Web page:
Up the Union, say Apple workers

  •   3 min reads
Up the Union, say Apple workers

Apple retail workers are joining unions as Apple profits rise faster than their wages.

Apple does not recognise any trade unions in the United States, states Wikipedia.

"And so what," some might ask? — We live in the era of enlightened capitalism when corporations understand that being all nice and cuddly with workers is good business. Except not all workers feel all snug and safe within the embrace of their employer.

Now, workers at Apple stores in the US are looking towards unions for help. According to The Washington Post, workers in at least two stores expect to file formal petitions with the National Labor Relations Board soon.

"They're struggling, and they're hurting," said one Apple worker describing the plight of colleagues, suggesting that they don't make enough money to get by, or so the Washington Post quoted.

The move by Apple workers follows similar moves by workers at Amazon and Starbucks.

They are "spurred by wages that have stagnated below the rate of inflation," said the Jeff Bezos owned Washington Post and which has the slogan "Democracy dies in darkness."

Things move in cycles

But isn't this move towards greater unionisation an example of the cyclical nature of political trends?

The first and second industrial revolutions were associated with greater inequality and indeed abject poverty for many. The Trade Union movement of the 20th Century was a reaction against that, but by the 1970s, when economic growth slowed, and we had largely picked the low hanging fruit created by previous eras of innovation, we saw a backlash against unions. And maybe unions had, in any case, become too strong.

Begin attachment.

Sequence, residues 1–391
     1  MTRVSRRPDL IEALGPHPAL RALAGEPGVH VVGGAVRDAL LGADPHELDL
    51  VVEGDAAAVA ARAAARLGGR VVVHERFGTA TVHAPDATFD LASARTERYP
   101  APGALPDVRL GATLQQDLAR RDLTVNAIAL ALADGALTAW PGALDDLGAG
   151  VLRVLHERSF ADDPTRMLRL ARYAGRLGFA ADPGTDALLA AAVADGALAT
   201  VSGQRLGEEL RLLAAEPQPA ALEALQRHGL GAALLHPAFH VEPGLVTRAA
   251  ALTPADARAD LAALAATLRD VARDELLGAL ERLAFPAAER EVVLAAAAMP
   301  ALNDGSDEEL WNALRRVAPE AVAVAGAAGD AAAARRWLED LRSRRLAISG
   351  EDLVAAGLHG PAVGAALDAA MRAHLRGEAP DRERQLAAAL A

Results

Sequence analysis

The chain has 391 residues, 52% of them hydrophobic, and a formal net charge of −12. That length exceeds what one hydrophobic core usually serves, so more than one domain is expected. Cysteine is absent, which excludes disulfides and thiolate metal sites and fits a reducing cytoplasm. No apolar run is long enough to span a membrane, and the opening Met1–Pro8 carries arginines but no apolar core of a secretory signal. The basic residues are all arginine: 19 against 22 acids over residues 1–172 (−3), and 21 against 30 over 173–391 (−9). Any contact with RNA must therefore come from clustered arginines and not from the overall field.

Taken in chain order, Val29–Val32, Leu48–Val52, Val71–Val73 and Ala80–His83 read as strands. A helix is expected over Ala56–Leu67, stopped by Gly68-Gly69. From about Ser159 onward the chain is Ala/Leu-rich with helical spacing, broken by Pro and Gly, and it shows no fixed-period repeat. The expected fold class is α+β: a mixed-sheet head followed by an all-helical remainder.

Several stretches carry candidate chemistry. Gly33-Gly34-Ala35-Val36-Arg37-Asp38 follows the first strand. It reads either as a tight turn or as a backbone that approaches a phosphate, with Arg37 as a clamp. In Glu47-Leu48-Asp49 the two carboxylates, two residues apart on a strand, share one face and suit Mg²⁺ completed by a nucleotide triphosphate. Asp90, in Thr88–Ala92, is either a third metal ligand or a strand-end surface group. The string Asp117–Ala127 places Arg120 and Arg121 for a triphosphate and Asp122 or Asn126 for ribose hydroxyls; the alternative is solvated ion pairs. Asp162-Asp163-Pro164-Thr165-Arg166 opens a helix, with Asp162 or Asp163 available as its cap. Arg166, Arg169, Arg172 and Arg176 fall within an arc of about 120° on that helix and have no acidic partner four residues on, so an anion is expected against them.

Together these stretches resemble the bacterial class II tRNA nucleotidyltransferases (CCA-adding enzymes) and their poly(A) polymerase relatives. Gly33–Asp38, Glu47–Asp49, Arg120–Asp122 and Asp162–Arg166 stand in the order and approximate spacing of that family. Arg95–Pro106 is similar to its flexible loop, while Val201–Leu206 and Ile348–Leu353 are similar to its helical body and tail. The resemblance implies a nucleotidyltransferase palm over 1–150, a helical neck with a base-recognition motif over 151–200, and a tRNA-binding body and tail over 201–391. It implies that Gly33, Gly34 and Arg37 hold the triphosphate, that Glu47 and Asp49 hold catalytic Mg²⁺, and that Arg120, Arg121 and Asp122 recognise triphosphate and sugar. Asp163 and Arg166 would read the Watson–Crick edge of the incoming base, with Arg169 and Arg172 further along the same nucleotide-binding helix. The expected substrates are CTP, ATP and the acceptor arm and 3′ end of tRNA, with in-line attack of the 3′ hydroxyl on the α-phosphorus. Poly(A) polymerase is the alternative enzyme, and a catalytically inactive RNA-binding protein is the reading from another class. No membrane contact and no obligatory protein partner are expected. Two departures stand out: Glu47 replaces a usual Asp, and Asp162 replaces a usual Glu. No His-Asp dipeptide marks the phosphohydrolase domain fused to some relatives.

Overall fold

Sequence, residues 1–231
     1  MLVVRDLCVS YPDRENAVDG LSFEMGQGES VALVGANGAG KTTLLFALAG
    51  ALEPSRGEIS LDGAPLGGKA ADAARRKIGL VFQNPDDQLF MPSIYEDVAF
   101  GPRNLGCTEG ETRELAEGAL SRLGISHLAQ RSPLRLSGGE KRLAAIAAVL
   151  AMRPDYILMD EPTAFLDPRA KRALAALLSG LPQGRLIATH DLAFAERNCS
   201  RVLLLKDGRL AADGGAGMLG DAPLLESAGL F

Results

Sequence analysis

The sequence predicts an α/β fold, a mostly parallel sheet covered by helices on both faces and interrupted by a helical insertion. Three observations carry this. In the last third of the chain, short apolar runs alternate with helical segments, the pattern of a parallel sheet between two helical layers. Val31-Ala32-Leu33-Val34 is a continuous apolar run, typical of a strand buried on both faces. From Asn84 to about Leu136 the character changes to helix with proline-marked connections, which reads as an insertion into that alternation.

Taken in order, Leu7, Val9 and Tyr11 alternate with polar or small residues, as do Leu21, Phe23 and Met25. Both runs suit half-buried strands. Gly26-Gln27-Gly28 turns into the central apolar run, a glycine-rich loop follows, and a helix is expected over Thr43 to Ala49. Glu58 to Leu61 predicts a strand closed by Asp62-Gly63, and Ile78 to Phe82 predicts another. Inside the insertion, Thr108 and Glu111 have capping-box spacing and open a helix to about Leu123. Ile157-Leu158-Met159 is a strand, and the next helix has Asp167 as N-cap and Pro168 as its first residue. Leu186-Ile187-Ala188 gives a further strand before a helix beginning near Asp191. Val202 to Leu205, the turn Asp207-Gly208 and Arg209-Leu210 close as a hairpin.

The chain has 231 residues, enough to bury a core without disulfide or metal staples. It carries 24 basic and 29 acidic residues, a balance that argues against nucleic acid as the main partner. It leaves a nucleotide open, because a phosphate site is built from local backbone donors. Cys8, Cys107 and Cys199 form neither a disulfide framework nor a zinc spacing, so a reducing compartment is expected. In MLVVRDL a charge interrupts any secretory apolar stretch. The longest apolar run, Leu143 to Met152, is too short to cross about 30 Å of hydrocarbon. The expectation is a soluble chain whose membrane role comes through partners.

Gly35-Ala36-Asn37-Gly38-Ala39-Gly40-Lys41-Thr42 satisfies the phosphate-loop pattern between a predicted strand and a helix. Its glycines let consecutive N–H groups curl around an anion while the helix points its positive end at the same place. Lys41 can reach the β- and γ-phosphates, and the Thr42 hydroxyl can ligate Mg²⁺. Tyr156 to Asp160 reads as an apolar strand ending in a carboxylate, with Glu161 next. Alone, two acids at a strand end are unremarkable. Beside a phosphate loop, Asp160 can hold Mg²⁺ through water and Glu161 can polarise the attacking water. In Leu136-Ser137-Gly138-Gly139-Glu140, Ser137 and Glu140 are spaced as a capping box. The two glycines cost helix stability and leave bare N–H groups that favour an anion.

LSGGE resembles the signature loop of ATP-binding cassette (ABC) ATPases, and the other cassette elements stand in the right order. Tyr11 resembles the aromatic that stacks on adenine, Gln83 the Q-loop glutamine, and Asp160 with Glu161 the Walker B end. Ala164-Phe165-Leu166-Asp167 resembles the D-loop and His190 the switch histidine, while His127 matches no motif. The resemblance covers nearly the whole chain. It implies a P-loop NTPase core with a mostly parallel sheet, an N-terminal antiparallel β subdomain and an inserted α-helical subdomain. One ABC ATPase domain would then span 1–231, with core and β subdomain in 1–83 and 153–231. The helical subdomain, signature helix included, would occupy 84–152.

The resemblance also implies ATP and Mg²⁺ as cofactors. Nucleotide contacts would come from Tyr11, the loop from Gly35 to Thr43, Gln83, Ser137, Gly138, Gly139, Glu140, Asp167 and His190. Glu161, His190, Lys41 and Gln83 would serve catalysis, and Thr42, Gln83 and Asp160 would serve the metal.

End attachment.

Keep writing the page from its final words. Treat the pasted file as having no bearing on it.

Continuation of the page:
The Trade Union backlash underpinned neoliberalism

Neoliberalism may or may not have created positive results; who knows, maybe it encouraged the IT revolution and the so-called fourth industrial revolution to get  underway. But it also seems to have led to greater inequality, slightly longer working weeks, and perhaps eventually sowed the seeds of popular discontent leading to the rise of populist politicians.

Four day week: is it practical?
The UK is to trial a four-day week. But is it practical? How can companies afford it? Would a four-day week mean lower wages?

Maybe the pendulum is swinging again. Partly encouraged by Covid, at a time when AI is beginning to change the world, when ESG becomes a new business practice, and labour shortages give more power to workers, we may be seeing the end of Neoliberal politics be replaced by a kind of enlightened capitalism in which unions seize the high ground in worker/management relationships.

A naive aristocrat in search of a career becomes caught up in the struggles between his profit-minded uncle and an aggressive labor union.

And while many companies talk the talk of ESG, motivated by the opportunity it presents, sticks are likely to play a role too. And the stick of Trade Unions is powerful.

Some may react in horror, recalling the dark days of union dominance, but it is worth recalling that in their early days, unions helped ensure the fruits of capitalism trickled down rather effectively into higher wages. In this way, higher wages helped boost aggregate demand and may have supported the post World War 2 economy, which in the West enjoyed it best 25 years of growth ever.

Inflation muddies the picture. The rise of neoliberalism wasn't only a reaction against unions; it was a reaction against inflation too. Indeed some even blamed unions for high inflation in the 1970s.

Today, rising prices are encouraging workers to demand pay rises.

So history is not repeating itself exactly. But, in some ways, the 2020s bear similarities to post War Europe, the 1970s and the booming US economy of the 1920s.

Nonetheless, the surge in Union interest does seem to be part of the political cycle.

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